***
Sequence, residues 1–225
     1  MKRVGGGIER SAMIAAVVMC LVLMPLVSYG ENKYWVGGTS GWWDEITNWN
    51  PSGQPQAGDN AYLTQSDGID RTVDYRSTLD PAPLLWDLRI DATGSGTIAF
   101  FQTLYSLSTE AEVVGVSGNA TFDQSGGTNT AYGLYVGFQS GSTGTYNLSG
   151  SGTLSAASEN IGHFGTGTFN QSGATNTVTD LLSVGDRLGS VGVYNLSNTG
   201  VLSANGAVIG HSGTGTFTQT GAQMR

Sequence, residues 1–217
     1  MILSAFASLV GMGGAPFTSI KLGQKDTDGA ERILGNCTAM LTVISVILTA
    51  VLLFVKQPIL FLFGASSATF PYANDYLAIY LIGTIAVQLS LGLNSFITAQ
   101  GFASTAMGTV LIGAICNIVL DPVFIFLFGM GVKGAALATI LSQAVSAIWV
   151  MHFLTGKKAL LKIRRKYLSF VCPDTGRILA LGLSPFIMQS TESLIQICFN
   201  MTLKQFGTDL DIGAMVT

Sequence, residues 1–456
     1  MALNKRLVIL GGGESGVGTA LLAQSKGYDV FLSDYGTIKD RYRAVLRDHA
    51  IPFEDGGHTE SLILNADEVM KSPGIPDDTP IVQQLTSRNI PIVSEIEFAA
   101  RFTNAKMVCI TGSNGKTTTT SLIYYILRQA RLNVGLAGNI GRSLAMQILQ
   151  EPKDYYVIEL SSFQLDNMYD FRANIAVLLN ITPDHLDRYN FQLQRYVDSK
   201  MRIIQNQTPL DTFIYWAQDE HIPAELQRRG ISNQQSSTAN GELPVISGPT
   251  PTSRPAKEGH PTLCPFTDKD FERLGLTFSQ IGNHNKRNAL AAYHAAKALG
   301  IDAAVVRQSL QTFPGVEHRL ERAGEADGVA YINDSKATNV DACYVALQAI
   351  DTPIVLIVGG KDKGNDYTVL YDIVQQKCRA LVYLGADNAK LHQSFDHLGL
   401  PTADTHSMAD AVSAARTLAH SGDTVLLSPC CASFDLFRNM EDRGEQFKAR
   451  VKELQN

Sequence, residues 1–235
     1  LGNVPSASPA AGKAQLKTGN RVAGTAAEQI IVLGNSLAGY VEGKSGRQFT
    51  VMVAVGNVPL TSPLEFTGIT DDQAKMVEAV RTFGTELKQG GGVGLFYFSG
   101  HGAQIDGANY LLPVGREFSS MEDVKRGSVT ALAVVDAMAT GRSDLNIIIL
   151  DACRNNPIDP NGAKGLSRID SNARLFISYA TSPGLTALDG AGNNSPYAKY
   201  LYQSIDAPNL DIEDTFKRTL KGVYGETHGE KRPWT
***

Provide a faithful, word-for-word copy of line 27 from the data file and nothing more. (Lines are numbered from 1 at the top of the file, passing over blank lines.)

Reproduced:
   101  HGAQIDGANY LLPVGREFSS MEDVKRGSVT ALAVVDAMAT GRSDLNIIIL